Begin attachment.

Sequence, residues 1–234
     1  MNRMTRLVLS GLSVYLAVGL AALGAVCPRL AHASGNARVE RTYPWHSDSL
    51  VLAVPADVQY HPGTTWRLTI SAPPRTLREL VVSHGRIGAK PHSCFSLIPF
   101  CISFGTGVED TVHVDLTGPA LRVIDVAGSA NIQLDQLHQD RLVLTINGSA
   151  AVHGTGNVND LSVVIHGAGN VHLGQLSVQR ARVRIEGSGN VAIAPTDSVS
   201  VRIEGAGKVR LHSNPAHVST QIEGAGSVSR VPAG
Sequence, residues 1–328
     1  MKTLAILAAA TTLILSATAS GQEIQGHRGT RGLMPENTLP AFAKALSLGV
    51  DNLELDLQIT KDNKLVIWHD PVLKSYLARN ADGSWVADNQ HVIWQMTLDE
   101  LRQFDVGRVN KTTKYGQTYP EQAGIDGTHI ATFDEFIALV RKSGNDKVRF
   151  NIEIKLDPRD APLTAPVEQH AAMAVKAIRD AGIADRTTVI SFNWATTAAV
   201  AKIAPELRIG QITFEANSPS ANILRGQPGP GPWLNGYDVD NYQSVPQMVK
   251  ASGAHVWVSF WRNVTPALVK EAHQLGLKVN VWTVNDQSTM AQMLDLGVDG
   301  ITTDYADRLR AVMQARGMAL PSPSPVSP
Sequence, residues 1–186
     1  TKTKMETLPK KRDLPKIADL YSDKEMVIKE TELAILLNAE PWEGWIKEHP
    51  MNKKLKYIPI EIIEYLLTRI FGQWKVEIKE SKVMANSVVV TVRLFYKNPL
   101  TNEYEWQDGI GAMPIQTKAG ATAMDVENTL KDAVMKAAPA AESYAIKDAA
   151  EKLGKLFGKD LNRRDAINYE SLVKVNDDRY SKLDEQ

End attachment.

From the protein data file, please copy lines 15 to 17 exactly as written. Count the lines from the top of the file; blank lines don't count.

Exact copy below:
Sequence, residues 1–186
     1  TKTKMETLPK KRDLPKIADL YSDKEMVIKE TELAILLNAE PWEGWIKEHP
    51  MNKKLKYIPI EIIEYLLTRI FGQWKVEIKE SKVMANSVVV TVRLFYKNPL